 benign prostatic hyperplasia
 prostatitis
 urethritis e.g. Chlamydia
 renal causes: IgA nephropathy, thin basement membrane disease

Spurious causes - red/orange urine, where blood is not present on


dipstick

 foods: beetroot, rhubarb


 drugs: rifampicin, doxorubicin

Management

Current evidence does not support screening for haematuria. The


incidence of non-visible haematuria is similar in patients taking
aspirin/warfarin to the general population hence these patients should

112
also be investigated.

Testing

 urine dipstick is the test of choice for detecting haematuria


 persistent non-visible haematuria is often defined as blood being
present in 2 out of 3 samples tested 2-3 weeks apart
 renal function, albumin:creatinine (ACR) or protein:creatinine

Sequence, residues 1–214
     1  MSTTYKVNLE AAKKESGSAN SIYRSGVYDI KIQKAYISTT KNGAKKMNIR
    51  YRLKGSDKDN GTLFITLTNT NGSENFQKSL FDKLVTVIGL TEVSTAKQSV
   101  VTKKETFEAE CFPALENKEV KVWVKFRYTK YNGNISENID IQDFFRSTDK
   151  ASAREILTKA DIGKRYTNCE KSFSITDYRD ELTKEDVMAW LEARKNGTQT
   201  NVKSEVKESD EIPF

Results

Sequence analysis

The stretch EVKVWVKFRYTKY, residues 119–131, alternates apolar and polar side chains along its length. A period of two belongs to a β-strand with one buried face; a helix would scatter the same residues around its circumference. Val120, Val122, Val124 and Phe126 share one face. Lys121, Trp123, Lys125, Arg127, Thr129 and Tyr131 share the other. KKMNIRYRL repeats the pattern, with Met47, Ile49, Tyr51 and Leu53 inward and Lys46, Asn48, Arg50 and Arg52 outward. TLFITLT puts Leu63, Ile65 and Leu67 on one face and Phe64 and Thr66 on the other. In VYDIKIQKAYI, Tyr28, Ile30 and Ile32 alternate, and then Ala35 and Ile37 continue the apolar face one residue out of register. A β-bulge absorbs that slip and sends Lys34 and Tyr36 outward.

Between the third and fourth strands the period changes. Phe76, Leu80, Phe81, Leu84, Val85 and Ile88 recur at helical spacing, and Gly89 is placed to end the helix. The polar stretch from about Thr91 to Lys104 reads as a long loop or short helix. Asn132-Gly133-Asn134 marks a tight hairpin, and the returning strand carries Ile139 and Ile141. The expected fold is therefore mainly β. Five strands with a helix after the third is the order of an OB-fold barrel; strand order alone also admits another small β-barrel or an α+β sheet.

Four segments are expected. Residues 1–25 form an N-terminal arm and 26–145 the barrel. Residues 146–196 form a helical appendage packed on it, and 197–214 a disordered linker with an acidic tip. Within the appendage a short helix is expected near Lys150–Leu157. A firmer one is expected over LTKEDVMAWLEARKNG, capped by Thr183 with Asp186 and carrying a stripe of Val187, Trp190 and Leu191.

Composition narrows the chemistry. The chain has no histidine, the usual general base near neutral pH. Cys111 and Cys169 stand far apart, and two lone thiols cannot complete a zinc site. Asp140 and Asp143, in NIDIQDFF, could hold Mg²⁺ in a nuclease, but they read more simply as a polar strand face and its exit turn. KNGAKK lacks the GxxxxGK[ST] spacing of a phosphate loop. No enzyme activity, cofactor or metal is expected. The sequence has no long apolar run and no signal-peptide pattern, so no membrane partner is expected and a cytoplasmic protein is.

ratio (PCR) and blood pressure should also be checked
 urine microscopy may be used but time to analysis significantly
affects the number of red blood cells detected

NICE urgent cancer referral guidelines were updated in 2015.

Urgent referral (i.e. within 2 weeks)

Aged >= 45 years AND:

 unexplained visible haematuria without urinary tract infection, or


 visible haematuria that persists or recurs after successful
treatment of urinary tract infection

Aged >= 60 years AND have unexplained nonvisible haematuria and


either dysuria or a raised white cell count on a blood test

Non-urgent referral

Aged 60 >= 60 years with recurrent or persistent unexplained urinary


tract infection

Since the investigation (or not) of non-visible haematuria is such as a


common dilemma a number of guidelines have been published. They